BOGOTA (Reuters) - Hundreds of people expected to be evicted from their hillside homes in a slum of Colombia’s capital Bogota on Friday, despite having nowhere to go during the country’s coronavirus lockdown.
The informal houses have been declared illegal by local authorities and will be knocked down as part of the evictions. Residents accuse police accompanying the eviction process of excessive force.
The evictions in the Altos de la Estancia neighbourhood are taking place despite Colombia’s months-long lockdown meant to stem the spread of coronavirus, which has killed more than 500 people.
The neighbourhood was home to about 1,000 families when evictions began two weeks ago. Now just some 100 families remain, residents told Reuters.
“The majority of the people that live here are unemployed because of COVID-19 and the pandemic,” said John Parra, 36, who moved to Bogota after being displaced by the country’s internal conflict.
Though his home has been destroyed, Parra said he has nowhere else to go. Some previously evicted residents are now sleeping on the streets or outside.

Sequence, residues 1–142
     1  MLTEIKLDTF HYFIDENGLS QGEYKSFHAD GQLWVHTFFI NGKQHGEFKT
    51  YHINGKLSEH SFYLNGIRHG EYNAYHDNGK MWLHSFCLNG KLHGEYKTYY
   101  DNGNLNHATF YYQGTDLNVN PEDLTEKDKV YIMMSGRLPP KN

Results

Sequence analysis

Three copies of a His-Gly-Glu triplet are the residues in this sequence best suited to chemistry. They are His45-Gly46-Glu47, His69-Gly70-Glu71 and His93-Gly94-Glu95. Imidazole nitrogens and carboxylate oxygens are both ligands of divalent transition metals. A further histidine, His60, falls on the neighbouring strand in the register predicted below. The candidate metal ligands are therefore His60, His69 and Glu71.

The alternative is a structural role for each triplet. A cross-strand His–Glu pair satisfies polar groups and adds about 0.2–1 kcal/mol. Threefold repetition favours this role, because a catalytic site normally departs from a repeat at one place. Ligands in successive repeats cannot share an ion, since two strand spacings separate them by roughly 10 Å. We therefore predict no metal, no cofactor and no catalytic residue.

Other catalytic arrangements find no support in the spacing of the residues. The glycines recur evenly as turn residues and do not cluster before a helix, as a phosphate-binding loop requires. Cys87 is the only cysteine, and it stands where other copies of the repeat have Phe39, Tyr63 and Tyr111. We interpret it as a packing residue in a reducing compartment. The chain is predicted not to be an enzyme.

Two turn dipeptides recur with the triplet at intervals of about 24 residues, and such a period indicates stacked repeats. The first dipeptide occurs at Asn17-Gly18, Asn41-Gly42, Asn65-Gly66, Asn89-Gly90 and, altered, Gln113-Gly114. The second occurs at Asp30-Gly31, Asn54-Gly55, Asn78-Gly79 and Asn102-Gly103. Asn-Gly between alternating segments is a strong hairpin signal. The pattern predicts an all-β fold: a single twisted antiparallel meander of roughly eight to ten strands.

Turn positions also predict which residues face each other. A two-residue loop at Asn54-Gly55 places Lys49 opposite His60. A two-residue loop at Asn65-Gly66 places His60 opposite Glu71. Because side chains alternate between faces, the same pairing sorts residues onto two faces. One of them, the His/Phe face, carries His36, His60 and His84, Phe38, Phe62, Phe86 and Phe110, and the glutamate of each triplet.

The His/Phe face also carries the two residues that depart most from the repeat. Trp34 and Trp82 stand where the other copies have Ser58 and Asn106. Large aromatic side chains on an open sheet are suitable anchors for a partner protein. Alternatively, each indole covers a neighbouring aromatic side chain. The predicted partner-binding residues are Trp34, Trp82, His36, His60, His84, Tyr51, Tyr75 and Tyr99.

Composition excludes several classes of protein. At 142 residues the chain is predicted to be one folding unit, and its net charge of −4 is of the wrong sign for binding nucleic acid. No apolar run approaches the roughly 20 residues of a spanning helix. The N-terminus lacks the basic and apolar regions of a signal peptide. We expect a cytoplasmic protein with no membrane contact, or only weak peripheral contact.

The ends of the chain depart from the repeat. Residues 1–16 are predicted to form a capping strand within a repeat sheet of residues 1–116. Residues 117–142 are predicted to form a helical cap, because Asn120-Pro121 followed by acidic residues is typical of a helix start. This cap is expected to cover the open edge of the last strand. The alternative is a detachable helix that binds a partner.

Many low-income Colombians who work informally have suffered during the lockdown. About a third of the country’s population lives in poverty, according to government figures.
The government promised to help poor families during quarantine with welfare payments and deliveries of supplies, but many say they have received little or no aid.
The housing minister has banned evictions through June, but officials said the Altos de la Estancia houses are illegal and the area is at risk of landslides.
“This is a high risk zone and we could not allow the occupation to continue for one more day,” Jaime Florez, the mayor of the Ciudad Bolivar district of Bogota, told journalists.
Florez said the residents were offered new accommodation in a shelter, but people who spoke to Reuters said they fear catching COVID-19 there.
The ESMAD riot police were gathered near the remaining houses on Friday. The force has been on hand during evictions and residents say it has used violence against them.
Venezuelan migrant Faridee Pinto said his 16-year-old son was badly injured at the start of the month by an ESMAD projectile.
“He lost part of his skull and 20% or 30% of his forehead,” Pinto said, as his son Ysmail removed his hat to show the stitches marring his hairline. He is awaiting surgery.
Bogota’s police did not respond to a request for comment.
“I was in pain; my forehead was covered in blood,” said the boy, clutching a toy rabbit. “I thought I was never going to wake up again.”
Reporting by Oliver Griffin; Editing by Julia Symmes Cobb and Cynthia Osterman